Routine obstetric ultrasound has been one of the most important advances in antenatal care worldwide [ 2 — 5 ]. However, it has been reported that innovative medical technologies like obstetric sonography have the potential to raise social, ethical and economic dilemmas for both health workers and the recipients of health services [ 5 ].
Uganda is a land locked country in Eastern Africa with a total land area of square kilometers. It has a total population of In Uganda, health care delivery has been decentralized from the top to the bottom with the aim of bringing services nearer to the people. In most of these health care facilities including private health care facilities, routine obstetric sonography has been fully embraced.
While obstetric sonography has proven to be beneficial in situations where it is indicated, the role of it being routine remains contentious [ 8 , 9 ]. There is a wealth of literature about the psychosocial effects and therapeutic benefits of prenatal sonography.
Bashour et al and Georgsson et al reported that the ultrasound experience will reassure the pregnant woman about fetal well-being, encourage women to abandon practices harmful to the fetus, facilitate early bonding and will be enjoyable and interesting [ 9 , 10 ]. Indeed many women have got many expectations from routine scans like knowing the fetal sex, status of the baby and expected date of delivery [ 11 , 12 ].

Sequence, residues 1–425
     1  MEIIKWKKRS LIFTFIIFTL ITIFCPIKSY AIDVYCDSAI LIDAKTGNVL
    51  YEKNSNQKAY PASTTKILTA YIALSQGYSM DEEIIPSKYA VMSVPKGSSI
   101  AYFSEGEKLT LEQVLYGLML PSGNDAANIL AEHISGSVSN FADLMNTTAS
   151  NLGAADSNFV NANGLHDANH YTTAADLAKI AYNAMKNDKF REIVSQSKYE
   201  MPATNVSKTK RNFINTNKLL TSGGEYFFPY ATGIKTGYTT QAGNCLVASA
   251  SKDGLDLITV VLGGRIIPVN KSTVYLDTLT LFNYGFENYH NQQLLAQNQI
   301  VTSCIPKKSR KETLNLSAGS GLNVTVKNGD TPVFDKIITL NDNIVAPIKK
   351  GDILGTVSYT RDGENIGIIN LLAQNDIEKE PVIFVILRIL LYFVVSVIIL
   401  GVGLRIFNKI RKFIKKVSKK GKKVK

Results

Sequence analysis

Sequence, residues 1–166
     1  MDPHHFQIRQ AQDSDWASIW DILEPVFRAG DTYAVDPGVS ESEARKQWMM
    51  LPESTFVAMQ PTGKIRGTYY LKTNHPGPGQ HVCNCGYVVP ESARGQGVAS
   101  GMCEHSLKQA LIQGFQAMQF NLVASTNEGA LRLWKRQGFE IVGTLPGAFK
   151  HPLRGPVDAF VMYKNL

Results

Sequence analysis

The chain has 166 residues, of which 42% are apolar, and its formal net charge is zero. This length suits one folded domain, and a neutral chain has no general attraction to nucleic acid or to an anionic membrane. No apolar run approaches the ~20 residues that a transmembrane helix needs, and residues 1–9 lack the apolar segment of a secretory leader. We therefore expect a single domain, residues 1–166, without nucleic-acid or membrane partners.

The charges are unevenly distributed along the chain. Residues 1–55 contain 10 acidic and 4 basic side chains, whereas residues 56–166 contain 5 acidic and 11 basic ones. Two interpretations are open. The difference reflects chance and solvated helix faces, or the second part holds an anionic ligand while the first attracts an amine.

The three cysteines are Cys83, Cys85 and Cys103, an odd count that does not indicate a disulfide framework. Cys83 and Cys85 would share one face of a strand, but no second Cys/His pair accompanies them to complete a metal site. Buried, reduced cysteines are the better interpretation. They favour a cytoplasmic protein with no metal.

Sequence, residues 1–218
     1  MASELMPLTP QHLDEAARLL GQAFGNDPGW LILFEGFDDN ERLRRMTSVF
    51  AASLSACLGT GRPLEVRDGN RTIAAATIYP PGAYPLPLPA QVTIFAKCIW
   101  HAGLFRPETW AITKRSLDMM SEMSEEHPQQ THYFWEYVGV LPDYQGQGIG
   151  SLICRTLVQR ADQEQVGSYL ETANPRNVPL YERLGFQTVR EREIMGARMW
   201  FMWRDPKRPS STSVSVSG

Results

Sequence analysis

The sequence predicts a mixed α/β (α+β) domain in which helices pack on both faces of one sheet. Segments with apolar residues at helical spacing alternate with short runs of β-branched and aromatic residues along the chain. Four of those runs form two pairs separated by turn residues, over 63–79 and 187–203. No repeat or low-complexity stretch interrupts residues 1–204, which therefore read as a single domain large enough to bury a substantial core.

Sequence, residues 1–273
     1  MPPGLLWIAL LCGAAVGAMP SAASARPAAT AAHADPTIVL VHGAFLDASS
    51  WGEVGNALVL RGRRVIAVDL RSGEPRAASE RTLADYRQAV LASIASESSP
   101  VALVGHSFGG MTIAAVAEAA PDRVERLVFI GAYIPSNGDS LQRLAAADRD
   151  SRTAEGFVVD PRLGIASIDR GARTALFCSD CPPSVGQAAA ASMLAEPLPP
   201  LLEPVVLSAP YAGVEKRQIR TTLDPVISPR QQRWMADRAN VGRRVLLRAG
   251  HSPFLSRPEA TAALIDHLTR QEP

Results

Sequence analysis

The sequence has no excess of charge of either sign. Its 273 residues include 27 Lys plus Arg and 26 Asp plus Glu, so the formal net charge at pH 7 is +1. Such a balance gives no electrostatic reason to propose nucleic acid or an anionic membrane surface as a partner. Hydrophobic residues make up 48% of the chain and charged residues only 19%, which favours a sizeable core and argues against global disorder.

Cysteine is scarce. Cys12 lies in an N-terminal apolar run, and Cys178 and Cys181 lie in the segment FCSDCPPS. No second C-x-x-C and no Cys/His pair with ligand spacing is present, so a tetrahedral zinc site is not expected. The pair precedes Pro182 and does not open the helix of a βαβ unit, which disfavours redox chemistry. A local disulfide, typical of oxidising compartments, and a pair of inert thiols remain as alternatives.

Whynes further reports that, most women now accept the scan uncritically because of the enormous expectations they have, but most especially viewing their babies live on the screen and knowing the fetal sex [ 13 ]. Nigenda et al concurred with the aforementioned views when they reported that pregnant women attending antenatal care in developing countries have got several expectations when they are sent for ultrasound, most which are about knowing the sex of the fetus, viability, expected due date and the reassurance that the baby is fine [ 14 ].